film choicegreenspun.com : LUSENET : Large format photography : One Thread
I bought some film in Europe which was fogged. The supplier (Lotus View Camera to their credit) issued me a credit for more film. This is for the 8X20 format by the way. I can get either Ilford HP5 which I am familiar with or Bergger BPF with which I am not familiar. I develop the film with PMK and contact print on Azo.
Can anyone offer experience with the Bergger film and/or compare it with the Ilford HP5? Thanks in advance.
-- David Flockhart (firstname.lastname@example.org), November 16, 2001
I use BPF in 4x5 a lot and develop in PMK. I can't compare it to HP5, but I can to Tri-X, which I shoot back-to-back with the Bergger film. I find that the Bergger has a more pronounced shoulder than the Tri-X and a slightly different spectral response (reduced red sensitivity), rendering red objects (i.e. a tomato) slightly darker. The grain is comparable. This film stains very nicely in PMK. The film has an interesting cyan-colored anti-halation backing that turns your pre- soak (or developer) a beautiful blue-green. In my experience, you need to be a bit more careful when processing, as the emulsion is more sensitive to damage (scratches) than the more hardened emulsions from Kodak and Ilford. This film has been compared to the discontinued Kodak Super XX film, but, since I have no experience with the latter, I cannont confirm this. I find the mid-tone separation excellent, and the speed to be (for me) EI 160, which is closer to its rated speed than for any other film I use. It comes nicely packaged with paper interleaving sheets. However, the edges are not as smooth as Ilford or Kodak sheets. I suspect it is cut differently. I can recommend this film, especially for "rainy day" or back-lit situations where the sky or background is a lot brighter than the mid tone subjects you want to keep detail in. The film's shoulder helps a lot here. It is easily plus and minus developed as well.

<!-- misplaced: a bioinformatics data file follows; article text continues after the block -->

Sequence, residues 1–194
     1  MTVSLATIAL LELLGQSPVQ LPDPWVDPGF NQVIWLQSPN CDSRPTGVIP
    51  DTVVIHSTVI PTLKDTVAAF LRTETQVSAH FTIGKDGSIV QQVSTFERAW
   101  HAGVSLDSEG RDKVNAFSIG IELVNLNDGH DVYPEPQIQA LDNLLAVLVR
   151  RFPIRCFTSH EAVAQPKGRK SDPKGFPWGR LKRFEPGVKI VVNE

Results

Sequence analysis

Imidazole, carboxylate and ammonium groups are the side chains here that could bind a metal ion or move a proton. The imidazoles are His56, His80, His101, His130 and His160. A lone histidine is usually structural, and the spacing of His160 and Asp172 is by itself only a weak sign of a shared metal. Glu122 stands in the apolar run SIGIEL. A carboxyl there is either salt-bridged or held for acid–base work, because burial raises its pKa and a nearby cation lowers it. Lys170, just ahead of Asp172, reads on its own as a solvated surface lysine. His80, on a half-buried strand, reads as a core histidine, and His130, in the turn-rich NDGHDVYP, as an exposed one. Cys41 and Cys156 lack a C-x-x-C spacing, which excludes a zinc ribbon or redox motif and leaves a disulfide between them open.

Hope this helps, ;^D)
-- Doremus Scudder (ScudderLandreth@compuserve.com), November 17, 2001.
Try the 200 speed FORTE, I think the bregger is just repackaged forte < need to be criticised on this before I change my mind. AND develope it in TMAX just like triX use the same times BUT rate it at 100 ASA. You will have a film that has great tonality, great shadows and the highlights will not block up , You can go N-2 to Nplus 2 just like trix. AND forte is cheaper tha bregger. and cheaper than hp5. But like all films and papers and formulations we all have to experiment to see what we are happetst with. I like tri x too but the forte is 20USD cheaper for a box of 25 and in Toronto it is more availble.THe 400 speed has GRAIN and is ok for contacts. The forte 200 is alot better>
My friends who do platinum printing swear by HP5 in pyro, BUT remember PYRO NEEDS!!!! alot of ventilation,It will poision you if you darkroom is not vented!!!!!, AND who wants dark Nails anyway. For scenics outside in the daylight the standard developers are fine! If you want to do a loooong tonal scale in and extreem dcircumstance the shoot and take the film to a PYRO EXPERT, like Silver Shack in Toronto. Then you cna do your own prinitng.
-- ED (email@example.com), November 17, 2001.